Quite a lot had changed in over 20 years. I felt like I was walking through some sort of dystopian landscape, vaguely familiar but under the harsh shadow of time. The lake was gone, the dam blown apart, traffic signs were faded, and the road was covered in duff. I joined it above the point where it was closed to traffic, so I’m not even sure where the closure began. Severe wash-outs had taken the road entirely in several places, which would be tough to navigate in any way other than on foot. It’s these kind of circumstances that make me so glad I can walk. It’s amazing the places two feet can get me to and through. I have to admit, I thoroughly enjoyed walking up the road this day. It was a beautiful day, the sun filtering through the huge trees and the miles so easy and peaceful. I felt like it was a special privilege. Where once I’d enjoyed the ease of travel by car, that luxury was no longer afforded to anyone with keys.
I caught up to Costanza just before the hot springs, surprised to see another PNT hiker, even though I knew there were a ton of us in the same area. It was just past 6 pm when we got to the last creek crossing, so we broke to collect water and catch up. True to my plan, I’d done 20 miles in 6 hours…maybe a new record for me, I’m not sure. I assumed Costanza was staying at the hot springs as well but no, he planned to carry on to Appleton Pass. Just like when he turned down the Way Cool Barn when we first met, I thought he was crazy for passing on this opportunity. It seemed like perfect timing and he was already ahead of schedule on his permit. I tried to convince him to stay, telling him about my previous positive experiences. But he pressed on. Oh well, the man had his convictions.
I set up my tent in a secluded spot, just before the no camping sign…I prefer to be away from the crowds…if there were any. Just for fun, I ran up to the official site to find not one tent (that I could see). There was a tidy cat litter box hanging from a bear cable… interesting food storage container but I suppose it’s good for rodents. I had my canister, so no need for the cables this night. I headed down to the hot springs right around 7:00 p.m. and met a man coming up. He asked if I was heading for the camp, which confused me because I was certain I was on the right trail. No I said, just the hot springs. A pause. “Well”, he said, “it’s getting late and about to get really dark.” Hmm, is that how that works, I wondered? Wanting to end the inquisition, I told him I had my headlamp, hoping that would appease him. Nope. “Well, it’s also the new moon so there won’t be any light AT ALL! Just be really careful, ok?” Not true, there would be light…the kind I would provide for myself, which I’d just established.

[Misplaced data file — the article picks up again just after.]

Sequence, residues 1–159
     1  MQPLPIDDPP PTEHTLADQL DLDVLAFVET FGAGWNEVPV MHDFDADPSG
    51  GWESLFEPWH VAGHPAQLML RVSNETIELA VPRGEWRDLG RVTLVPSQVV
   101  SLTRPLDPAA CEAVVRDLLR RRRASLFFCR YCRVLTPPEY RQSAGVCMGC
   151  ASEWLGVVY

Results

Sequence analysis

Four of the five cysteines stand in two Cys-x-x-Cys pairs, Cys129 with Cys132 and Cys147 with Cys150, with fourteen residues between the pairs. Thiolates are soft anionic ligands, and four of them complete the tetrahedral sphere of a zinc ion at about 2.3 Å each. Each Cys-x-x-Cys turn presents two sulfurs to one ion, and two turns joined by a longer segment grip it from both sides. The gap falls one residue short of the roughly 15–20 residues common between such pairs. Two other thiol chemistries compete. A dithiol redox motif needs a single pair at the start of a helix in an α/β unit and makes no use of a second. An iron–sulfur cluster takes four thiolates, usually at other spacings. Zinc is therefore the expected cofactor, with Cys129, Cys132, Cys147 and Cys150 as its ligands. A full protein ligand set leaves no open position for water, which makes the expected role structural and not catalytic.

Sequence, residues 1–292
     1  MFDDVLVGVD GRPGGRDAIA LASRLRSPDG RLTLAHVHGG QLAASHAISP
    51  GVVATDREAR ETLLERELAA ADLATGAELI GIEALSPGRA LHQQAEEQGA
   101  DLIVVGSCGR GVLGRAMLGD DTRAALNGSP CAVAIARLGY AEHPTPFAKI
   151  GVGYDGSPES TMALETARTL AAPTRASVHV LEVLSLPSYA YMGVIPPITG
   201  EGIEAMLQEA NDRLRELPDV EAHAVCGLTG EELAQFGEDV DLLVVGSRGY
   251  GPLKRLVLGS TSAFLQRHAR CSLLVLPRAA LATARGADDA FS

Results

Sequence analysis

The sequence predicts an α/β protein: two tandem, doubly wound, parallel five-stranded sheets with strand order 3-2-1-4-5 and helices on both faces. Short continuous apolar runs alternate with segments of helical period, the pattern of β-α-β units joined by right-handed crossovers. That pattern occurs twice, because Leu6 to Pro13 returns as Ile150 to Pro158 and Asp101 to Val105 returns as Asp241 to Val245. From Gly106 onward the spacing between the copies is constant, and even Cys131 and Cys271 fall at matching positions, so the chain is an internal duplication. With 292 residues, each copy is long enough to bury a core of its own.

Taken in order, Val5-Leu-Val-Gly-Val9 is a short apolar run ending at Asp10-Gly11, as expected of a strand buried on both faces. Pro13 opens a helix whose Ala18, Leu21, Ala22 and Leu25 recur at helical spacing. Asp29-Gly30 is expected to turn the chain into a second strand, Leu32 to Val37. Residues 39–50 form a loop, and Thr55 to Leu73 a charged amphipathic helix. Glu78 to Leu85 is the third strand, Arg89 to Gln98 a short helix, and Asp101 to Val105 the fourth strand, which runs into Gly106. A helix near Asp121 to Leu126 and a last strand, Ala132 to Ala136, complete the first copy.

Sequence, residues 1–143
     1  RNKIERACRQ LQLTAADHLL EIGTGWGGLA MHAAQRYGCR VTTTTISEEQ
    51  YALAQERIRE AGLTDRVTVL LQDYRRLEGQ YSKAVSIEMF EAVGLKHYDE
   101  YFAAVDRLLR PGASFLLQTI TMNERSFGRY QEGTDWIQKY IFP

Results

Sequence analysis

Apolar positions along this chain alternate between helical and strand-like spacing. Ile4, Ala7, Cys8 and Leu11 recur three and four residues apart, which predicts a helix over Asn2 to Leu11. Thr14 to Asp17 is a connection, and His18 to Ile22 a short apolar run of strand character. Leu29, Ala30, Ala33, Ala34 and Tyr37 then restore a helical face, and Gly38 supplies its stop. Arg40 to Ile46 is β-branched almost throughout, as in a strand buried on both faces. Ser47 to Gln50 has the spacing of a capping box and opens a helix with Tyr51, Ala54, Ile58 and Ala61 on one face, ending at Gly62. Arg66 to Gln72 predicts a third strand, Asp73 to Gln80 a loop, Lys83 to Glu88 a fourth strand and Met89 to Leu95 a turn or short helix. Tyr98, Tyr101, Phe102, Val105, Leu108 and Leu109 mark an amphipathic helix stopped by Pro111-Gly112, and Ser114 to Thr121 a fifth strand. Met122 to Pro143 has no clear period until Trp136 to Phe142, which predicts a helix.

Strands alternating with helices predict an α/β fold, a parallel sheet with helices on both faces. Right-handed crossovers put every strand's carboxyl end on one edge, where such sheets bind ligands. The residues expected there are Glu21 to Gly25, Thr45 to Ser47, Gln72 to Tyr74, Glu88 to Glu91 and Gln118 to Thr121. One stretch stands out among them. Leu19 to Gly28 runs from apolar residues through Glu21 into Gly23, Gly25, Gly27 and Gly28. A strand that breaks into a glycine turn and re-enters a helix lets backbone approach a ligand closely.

Guys, if there’s ever any doubt about what constitutes man-splaining, telling a backcountry lady how the sun and moon phases result in light and dark periods is a textbook example. He was starting to cut into my soaking time, so I just nodded and tried to keep going. Then he wanted to explain the set of trails that led back to the campsite, which I really didn’t care about since I wasn’t camped there (even though I lied and told him I was). I did confirm where he was camped, just so I could be sure to avoid the area altogether in the morning…not that he’d likely be up when I went by. Having gotten past the gatekeeping troll, I skipped across the bridge and entered a Goldilocks fairy tale. First pool: down in the creek, way too cold, and with a naked man rinsing off. Pass. Second pool: up high, mother of dragons sizzling hot. I thought I liked it really hot but apparently not in the summertime. Last time I’d dunked in that pool it had been early spring. I couldn’t even keep my feet in this day. Next. Third pool: closer to the river, near the end, ahhh…just perfect. And most importantly, all to myself. I couldn’t believe how quiet it was…I guess these hot springs are definitely more of shoulder season and winter experience for most folks. I felt blessed to have enjoyed them for 3 seasons now.
I soaked in my pool until it got …dark! Oh my! It was fun scrambling down to the creek to rinse off afterwards but I managed. My headlight and camp shoes are pretty awesome. I gazed at star reflections on the pool and pondered the end of my journey. Connecting to this hot springs that I’d visited so long ago and also to the Pacific Ocean, where I’d set out to sea at the start of my career, felt like coming full circle. Back then, if someone had told me I’d someday walk 1200 miles from the Rockies to the Pacific, I’d have laughed. But I’d discovered my love for a nomadic existence on the land, not just on the sea. Constant movement was what I’d always been seeking… retracing my steps and returning to familiar places at times was a bonus. Thus concluded yet another fantastic day on the PNT.
So glad you didn’t hurt your fragile self hiking in the big bad dark haha. Great post as usual. Oh And that goat transport they worked on last year—good God I hate to think what that cost, and most the goats died anyway. Death by shock and trauma from a helicopter ride or death by a shot to the head? I’d choose the quick, easy way if I was a goat.